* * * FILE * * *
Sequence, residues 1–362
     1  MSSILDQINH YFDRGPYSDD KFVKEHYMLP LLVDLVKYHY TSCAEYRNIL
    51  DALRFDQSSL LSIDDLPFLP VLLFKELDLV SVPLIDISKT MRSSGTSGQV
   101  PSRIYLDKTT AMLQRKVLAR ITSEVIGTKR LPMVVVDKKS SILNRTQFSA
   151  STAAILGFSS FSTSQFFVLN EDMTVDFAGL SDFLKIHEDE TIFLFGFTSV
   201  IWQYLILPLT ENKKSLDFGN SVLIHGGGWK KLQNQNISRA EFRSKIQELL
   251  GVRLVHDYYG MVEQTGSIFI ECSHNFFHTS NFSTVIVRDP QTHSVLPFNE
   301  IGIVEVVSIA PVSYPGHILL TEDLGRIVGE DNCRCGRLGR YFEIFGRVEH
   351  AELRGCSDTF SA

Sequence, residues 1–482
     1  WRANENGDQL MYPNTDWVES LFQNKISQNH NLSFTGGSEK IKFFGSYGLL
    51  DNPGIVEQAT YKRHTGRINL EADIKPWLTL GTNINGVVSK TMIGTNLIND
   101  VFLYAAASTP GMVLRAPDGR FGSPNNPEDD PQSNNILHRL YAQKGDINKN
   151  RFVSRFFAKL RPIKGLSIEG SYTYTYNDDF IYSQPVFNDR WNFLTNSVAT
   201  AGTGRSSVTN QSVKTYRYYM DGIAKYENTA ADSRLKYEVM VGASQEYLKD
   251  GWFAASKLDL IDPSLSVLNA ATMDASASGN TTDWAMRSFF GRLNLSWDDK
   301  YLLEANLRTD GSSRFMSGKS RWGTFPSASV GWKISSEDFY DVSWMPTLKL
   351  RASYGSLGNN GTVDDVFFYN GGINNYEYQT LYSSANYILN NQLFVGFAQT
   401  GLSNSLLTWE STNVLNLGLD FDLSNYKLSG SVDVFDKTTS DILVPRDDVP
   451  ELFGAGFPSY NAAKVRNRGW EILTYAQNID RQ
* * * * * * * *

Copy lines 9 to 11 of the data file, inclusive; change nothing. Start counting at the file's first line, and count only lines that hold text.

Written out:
   351  AELRGCSDTF SA

Sequence, residues 1–482
     1  WRANENGDQL MYPNTDWVES LFQNKISQNH NLSFTGGSEK IKFFGSYGLL